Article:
I assume most escape teams live in reasonably close vicinity to each other. Not so with The Animals. While Richard1 and Paul live in the same street in Liverpool, that’s 28 miles from my house. James lives somewhere in the middle in Widnes. And Richard2 lives all the way down in Birmingham, travelling up on the train to get his escape fix. But now he’s convinced some of his fellow midlanders to give escaping a try, so here he is with this blog’s first guest review!
As a veteran of five escapes in the North West, I’ve often found myself returning to my West Midlands home having to explain my new hobby to confused looking friends. “Ah, so it’s like the Crystal Maze?” seems to be a stock response. That or “Oh, right. Anyway…” So when a voucher to try out a relatively new room in Birmingham appeared online, I took the opportunity to introduce my housemates to escaping. The reviews online looked excellent (nothing less than a 5/5 on TripAdvisor at the time of writing), and a room that didn’t sound like one I’d done before.
Following a briefing session I gave the team at a nearby pub (for the record I had a D*Face burger, and I’d recommend it if you ever find yourself at the Lord Clifden in Birmingham’s Jewellery Quarter), we wandered five minutes down the road to Escape Live, where we discovered a railway arch based facility. It’s about a 15 minute walk from Birmingham New Street station, and very easy to spot.
Walking in we were greeted with a very minimalist entrance room, all white, but with a brightly coloured sofa and a small area with tea and coffee making facilities. So far, so normal. Around the room there looked to be five doors, four of which related to the two games. We were playing Room 13:
“Amy is locked in a room and is relying on your team’s wit and skill to get her out alive. You are her only hope. You must piece together clues, solve puzzles and find objects to get the four digit number you need to release her. With just 60 minutes to rescue Amy, will you manage to save her life?”
Our GamesMaster delivered the briefing above, and gave the usual instructions about not needing to move any items with stickers on, and handed over a walkie talkie to keep in contact. We were then shown into the room, and the game began with a further, ‘in character’ briefing, delivered by video, that gives a bit more information about how Amy ended up in this situation. There seemed to be just enough logic in the setup, although perhaps it shouldn’t be questioned too much for fear of ending up wondering how these events had taken place.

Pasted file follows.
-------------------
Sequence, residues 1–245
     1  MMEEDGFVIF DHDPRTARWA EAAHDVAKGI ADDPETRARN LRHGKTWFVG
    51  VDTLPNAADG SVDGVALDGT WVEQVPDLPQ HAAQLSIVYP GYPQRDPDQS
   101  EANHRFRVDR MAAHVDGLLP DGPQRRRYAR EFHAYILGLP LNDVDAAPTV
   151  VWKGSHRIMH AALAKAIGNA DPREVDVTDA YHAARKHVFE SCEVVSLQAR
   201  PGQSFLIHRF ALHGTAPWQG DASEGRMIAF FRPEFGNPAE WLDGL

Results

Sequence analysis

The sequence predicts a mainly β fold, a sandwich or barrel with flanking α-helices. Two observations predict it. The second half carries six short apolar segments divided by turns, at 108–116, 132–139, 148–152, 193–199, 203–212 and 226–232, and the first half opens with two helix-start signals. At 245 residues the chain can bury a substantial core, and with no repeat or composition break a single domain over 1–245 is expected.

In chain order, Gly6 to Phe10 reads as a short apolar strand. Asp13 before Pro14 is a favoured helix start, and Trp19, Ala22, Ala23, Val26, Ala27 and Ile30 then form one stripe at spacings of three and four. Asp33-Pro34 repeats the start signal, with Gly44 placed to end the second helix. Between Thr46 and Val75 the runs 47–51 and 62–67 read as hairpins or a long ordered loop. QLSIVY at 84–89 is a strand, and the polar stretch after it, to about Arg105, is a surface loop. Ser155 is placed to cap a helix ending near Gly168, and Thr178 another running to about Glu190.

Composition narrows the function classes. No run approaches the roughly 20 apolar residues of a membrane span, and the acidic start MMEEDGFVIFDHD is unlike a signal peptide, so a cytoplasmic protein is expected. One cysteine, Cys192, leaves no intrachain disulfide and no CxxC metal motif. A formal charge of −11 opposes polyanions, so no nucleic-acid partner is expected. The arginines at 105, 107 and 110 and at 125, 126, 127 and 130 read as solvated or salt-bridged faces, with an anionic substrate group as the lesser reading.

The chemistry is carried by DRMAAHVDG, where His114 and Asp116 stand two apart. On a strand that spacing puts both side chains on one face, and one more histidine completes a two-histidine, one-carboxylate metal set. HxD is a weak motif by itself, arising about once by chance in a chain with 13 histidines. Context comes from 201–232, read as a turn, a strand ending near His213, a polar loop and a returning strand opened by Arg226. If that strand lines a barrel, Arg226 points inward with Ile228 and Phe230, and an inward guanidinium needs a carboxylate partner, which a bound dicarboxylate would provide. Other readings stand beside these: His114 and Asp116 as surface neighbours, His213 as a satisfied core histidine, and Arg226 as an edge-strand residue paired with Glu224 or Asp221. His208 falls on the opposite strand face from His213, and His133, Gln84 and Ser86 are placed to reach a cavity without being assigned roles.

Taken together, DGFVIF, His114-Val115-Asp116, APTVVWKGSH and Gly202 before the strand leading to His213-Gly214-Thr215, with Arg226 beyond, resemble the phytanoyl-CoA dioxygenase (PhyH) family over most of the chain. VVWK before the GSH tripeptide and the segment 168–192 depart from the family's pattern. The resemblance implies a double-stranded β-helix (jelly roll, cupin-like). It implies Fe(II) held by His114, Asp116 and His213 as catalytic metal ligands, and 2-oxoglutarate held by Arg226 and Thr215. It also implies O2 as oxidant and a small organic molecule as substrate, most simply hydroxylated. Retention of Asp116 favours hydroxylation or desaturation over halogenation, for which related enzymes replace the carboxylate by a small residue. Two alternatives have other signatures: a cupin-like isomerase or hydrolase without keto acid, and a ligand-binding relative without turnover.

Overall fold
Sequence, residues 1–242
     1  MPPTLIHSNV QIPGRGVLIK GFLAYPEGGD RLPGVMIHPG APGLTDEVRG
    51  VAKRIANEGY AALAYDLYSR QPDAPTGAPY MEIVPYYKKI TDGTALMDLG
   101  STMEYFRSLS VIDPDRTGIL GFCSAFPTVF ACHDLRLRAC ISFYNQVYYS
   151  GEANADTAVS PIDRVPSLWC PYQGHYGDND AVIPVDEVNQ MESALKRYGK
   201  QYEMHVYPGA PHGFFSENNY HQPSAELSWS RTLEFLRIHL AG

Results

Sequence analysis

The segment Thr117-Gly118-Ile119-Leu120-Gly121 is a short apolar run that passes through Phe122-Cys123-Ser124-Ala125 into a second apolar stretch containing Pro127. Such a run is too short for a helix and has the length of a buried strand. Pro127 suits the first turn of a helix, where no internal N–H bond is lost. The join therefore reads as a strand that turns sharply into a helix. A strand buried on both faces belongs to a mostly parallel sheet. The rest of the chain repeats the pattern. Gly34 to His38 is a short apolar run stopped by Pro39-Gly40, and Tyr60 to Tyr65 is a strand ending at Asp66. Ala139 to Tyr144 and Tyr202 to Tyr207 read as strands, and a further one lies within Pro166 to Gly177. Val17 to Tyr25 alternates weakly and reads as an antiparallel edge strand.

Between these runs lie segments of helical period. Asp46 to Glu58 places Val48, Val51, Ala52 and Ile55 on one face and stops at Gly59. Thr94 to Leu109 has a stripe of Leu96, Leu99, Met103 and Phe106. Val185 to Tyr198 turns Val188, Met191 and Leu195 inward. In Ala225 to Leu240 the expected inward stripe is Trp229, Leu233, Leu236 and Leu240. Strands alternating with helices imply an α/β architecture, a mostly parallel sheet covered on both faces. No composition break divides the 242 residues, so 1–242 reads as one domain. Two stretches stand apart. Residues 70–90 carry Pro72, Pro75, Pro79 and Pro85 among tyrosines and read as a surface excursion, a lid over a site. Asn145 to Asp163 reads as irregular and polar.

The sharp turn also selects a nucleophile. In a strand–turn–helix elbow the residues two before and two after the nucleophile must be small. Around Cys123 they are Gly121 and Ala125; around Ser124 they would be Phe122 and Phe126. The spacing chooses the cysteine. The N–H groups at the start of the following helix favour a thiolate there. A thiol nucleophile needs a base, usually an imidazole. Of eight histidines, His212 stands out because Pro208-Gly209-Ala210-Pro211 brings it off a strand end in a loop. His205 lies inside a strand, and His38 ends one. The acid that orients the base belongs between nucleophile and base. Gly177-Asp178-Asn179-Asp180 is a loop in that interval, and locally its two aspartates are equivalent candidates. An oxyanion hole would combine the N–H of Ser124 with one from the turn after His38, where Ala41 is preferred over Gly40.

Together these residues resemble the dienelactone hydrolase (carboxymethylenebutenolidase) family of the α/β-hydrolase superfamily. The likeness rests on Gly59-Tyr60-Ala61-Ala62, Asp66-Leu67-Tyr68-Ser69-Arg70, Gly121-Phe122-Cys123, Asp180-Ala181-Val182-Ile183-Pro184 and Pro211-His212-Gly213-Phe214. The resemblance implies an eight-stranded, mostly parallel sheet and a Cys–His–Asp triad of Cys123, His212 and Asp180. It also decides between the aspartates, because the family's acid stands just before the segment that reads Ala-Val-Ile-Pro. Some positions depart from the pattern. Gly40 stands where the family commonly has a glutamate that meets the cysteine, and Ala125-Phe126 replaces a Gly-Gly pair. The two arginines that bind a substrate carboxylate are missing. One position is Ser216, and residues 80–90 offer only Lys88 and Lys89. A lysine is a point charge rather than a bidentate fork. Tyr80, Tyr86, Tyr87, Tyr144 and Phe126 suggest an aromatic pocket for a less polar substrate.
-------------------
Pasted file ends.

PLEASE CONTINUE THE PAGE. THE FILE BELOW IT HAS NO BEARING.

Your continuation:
The room itself seemed fairly standard, although the hint system was slightly different from anything I’d experienced previously, requiring us to request help via the walkie talkie. This did seem to break the atmosphere slightly, as we were simply asking the GamesMaster for a clue, rather than engaging with an aspect of the story that could give us a nudge in the right direction. The countdown was displayed on a TV on the wall, which also gave us a view of poor Amy herself, locked in a room and bound to a chair.
The room itself was well designed, with coherent theming that kept you immersed, never seeming to drop out of character at any point. I wouldn’t say it was scary as such, but there was at least one part that was a little macabre.
There were a good amount of things to look at, although perhaps not as many puzzles as I’d have liked. The individual puzzles were of a nature that made the room appropriate for a group where four out of the five players were beginners, as there was a lot of scavenging style tasks. Although not wildly original or different from things I had seen before, they were interesting enough to keep me immersed in the game for the time we spent locked in.
Overall I’d recommend Room 13, certainly to anybody in the West Midlands who’s interested in giving escaping a go. It’s not perfect, but it doesn’t get much wrong and offers a solid experience that will get you started on your path to being locked in rooms on a regular basis. My housemates are keen to sort out a date to play Escape Live’s other room, Dr Wilson’s Office, which I’m more than happy to go along with, especially if that burger’s still on the menu at the Clifden.